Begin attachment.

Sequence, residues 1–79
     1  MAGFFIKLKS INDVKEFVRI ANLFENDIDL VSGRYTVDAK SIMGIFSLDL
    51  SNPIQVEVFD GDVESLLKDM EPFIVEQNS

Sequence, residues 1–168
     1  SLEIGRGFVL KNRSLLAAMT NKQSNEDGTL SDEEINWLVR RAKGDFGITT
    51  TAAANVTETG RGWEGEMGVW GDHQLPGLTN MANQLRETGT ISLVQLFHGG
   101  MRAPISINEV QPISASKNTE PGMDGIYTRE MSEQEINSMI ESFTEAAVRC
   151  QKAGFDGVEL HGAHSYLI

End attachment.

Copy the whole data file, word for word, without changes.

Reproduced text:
Sequence, residues 1–79
     1  MAGFFIKLKS INDVKEFVRI ANLFENDIDL VSGRYTVDAK SIMGIFSLDL
    51  SNPIQVEVFD GDVESLLKDM EPFIVEQNS

Sequence, residues 1–168
     1  SLEIGRGFVL KNRSLLAAMT NKQSNEDGTL SDEEINWLVR RAKGDFGITT
    51  TAAANVTETG RGWEGEMGVW GDHQLPGLTN MANQLRETGT ISLVQLFHGG
   101  MRAPISINEV QPISASKNTE PGMDGIYTRE MSEQEINSMI ESFTEAAVRC
   151  QKAGFDGVEL HGAHSYLI